by Medindia Content Team on  October 17, 2007 at 5:27 PM Corporate News
India’s Poor Still Malnourished
This Tuesday a seminar was set up in Chennai to mark the occasion of 'World Food Day'. Here the United Nations World Food Programme director (India) Gian Pietro Bordignon gave that the poor implementation and management of India's food-based programs have not allowed significant improvements in nutrition levels.

"Fifty-nine years after the universal declaration of human rights, the right to food remains a distant mirage for more than 850 million people around the world, and more than a quarter of them live in the Indian subcontinent," Mr. Bordignon was quoted.

Bordignon said the World Food Programme (WFP) would continue supporting national initiatives such as the Integrated Child Development Services (ICDS) and the mid-day meals scheme, with focus on improving their "management, performance and inclusiveness." The WFP would also provide fortified supplementary foods through the ICDS and work towards enhancing the livelihoods of the poor through employment programs, he added.

Meanwhile, M.S. Swaminathan, Member of Parliament and chairman, M.S. Swaminathan Research Foundation stressed that India had only made a "slight" progress towards achieving the United Nations Millennium Development Goals of reducing hunger and poverty by half by 2015.

Quoting a 2007 United Nations report, Dr. Swaminathan said that 770 million Indians lived on less than Rs. 20 a day, and nutrition levels in the country were even worse than in sub-Saharan Africa, with 46 per cent of children under the age of five suffering from under-nutrition.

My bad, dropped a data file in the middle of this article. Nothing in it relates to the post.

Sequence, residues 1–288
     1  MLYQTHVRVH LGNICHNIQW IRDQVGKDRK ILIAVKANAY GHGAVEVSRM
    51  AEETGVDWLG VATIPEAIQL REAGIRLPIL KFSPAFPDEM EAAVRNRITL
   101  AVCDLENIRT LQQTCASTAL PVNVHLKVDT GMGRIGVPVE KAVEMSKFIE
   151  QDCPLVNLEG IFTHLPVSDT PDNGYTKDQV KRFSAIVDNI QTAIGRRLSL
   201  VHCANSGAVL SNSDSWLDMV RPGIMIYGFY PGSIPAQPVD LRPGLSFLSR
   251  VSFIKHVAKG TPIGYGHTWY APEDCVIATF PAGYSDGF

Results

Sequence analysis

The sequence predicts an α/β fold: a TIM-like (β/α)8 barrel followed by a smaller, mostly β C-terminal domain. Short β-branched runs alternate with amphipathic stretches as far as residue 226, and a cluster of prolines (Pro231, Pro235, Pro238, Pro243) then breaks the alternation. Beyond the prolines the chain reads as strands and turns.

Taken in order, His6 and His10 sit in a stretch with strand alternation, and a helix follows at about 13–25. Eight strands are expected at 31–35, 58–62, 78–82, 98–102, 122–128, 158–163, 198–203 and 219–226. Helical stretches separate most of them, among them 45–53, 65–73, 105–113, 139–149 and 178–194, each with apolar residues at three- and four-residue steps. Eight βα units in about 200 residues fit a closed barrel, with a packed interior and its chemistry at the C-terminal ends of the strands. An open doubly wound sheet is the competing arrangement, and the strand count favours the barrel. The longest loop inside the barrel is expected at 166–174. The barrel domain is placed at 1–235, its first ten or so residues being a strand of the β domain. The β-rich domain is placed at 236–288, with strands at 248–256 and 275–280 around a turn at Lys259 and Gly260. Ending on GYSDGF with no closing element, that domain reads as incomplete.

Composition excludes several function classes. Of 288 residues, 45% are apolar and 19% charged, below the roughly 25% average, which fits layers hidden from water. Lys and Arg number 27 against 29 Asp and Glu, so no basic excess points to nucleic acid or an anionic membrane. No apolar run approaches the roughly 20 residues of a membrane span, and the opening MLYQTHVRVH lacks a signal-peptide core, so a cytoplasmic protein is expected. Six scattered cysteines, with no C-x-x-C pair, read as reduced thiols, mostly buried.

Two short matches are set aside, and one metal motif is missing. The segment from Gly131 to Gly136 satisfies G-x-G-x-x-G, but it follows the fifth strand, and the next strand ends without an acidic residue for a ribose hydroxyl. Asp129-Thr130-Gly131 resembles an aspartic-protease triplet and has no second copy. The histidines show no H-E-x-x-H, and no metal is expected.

A "broad-based coalition" is expected to meet on November 6 to get every political party in the country to commit themselves, in their election manifestos, to enhancing nutrition security.

Better implementation of the Union Government's 'Seven Point Action Plan' would help to improve nutrition levels, Dr. Swaminathan suggested.

The above plan calls for universalizing the Public Distribution System, a 'life-cycle' approach for nutrition programs to address different nutrition requirements and a 'Food Guarantee Act' that would combine the features of the food-for-work and national rural employment guarantee schemes.

Rekha Shetty, managing director, FarStar Distribution Network, a non-governmental organization, stressed the crucial role NGOs and individuals had to play in monitoring and supplementing the existing food programs.

The World Food Program (WFP) is the United Nations frontline agency in the fight against global hunger. Operations aim to:

1. Save lives in refugee crises and other emergencies
2. Improve nutrition and quality of life of world's most vulnerable people at critical times in their lives
3.Enable development by (a) helping people build assets that benefit them directly; (b) promoting the self-reliance of poor people and communities

Source: Medindia

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